Earlier this year, I filed a complaint with the Securities and Exchange Commission on behalf of autoworkers pointing out that GM and the UAW had failed utterly to warn GM employees of the risk of bankruptcy and its impact on the proposed VEBA health care plan.
The VEBA was supposed to be “bankruptcy remote” – secure against bankruptcy risk but it turns out that it is being used to help GM survive bankruptcy.
The SEC complaint was based on my research note, Proposed GM/UAW VEBA: House of Cards.
Sure enough GM is now, in essence, in bankruptcy.
And GM workers and retirees still do not know what will happen to their jobs, their pensions or their health insurance.
That is what the SEC exists for – to protect investors and GM sold the UAW a $4.5 billion convertible note without disclosing the risk of bankruptcy. If the UAW had understood what I laid out in the research note, they likely would have taken a different approach to bargaining last year.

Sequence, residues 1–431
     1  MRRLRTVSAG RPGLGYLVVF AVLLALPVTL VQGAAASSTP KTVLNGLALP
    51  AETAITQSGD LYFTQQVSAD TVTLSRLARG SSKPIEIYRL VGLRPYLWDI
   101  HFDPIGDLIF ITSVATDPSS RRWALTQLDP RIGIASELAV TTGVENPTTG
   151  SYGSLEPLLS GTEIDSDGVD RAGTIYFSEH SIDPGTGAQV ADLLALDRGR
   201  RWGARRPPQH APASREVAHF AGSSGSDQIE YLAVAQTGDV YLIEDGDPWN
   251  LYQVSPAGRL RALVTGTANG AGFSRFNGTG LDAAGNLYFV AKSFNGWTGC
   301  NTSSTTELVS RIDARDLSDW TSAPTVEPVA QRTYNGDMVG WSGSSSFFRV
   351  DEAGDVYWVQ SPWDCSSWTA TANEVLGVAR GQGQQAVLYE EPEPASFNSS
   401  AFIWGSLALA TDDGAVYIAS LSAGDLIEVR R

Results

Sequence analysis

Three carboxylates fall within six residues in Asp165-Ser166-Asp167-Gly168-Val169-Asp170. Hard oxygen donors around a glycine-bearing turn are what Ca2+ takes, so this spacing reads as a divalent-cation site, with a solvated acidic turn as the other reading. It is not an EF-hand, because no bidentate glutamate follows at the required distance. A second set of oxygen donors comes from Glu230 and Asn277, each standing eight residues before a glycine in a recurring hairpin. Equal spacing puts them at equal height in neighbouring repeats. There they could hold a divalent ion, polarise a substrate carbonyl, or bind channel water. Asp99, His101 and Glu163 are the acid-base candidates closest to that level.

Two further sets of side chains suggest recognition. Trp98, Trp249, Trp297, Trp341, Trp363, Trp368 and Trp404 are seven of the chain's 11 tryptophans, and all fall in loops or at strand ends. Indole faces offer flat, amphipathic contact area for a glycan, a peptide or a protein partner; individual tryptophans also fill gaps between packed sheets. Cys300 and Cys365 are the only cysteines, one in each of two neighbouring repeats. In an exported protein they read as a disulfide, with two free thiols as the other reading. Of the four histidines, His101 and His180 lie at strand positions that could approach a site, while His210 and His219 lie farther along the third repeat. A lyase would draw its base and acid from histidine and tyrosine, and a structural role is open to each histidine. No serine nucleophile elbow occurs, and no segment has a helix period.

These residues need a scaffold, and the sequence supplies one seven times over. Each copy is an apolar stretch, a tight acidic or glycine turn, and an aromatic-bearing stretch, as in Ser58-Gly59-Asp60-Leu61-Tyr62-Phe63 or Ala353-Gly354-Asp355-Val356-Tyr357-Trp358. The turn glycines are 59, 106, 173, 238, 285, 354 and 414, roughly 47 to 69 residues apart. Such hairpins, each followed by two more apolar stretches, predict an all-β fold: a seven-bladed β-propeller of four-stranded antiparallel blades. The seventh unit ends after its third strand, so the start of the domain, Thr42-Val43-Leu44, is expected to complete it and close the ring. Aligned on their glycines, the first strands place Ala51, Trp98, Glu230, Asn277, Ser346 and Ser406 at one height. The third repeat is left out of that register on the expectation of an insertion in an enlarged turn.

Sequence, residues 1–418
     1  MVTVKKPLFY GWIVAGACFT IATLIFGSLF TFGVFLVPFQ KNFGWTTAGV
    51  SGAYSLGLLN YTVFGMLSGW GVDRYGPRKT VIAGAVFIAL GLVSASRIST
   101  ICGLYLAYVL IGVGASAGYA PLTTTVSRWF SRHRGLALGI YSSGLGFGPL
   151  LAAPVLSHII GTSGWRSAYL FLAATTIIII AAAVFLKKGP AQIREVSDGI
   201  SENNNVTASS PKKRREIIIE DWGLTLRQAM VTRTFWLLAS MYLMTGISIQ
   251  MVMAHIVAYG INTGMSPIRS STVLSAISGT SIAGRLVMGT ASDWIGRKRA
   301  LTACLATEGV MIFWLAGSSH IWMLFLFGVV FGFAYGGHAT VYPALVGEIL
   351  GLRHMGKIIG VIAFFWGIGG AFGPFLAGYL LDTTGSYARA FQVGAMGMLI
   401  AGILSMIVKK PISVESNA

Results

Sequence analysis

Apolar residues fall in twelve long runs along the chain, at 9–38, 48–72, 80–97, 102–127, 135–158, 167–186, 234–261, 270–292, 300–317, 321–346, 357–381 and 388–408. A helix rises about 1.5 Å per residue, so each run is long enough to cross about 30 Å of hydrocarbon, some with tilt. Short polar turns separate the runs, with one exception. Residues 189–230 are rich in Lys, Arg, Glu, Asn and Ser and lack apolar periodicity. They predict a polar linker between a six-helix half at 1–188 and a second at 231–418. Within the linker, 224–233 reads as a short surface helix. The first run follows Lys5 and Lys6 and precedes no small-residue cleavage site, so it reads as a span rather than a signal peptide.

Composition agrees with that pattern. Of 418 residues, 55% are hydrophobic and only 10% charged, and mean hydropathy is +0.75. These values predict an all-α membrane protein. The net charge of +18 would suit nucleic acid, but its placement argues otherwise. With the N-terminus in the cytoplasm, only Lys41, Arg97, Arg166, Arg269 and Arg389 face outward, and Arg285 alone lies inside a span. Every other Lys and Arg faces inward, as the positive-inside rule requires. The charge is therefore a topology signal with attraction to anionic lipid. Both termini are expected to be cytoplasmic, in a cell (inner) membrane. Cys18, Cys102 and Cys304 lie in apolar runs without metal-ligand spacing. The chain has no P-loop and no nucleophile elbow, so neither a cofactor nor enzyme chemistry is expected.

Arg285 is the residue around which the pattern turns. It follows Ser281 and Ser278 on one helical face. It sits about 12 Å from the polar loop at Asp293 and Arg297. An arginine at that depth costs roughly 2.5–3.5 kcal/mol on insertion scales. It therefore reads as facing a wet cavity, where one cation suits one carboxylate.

Senator Corker, from Nissan, is proposing now that the cash flows into the VEBA be turned into even more worthless paper, GM stock. Of course, no evidence exists that existing GM bondholders will agree to this. In any case, the auto workers have ALREADY taken a huge hit – the convertible bond is now worth far less than its original face value.
Bankruptcy, whether prepackaged or not, whether or not with a bridge loan from the U.S. Government, is not the way to go. As I proposed in A Way Out for the Auto Industry the way forward is creation a new Public Trust Company that could issue long term low interest bonds to purchase the assets of the Big Three and manage them in the public interest.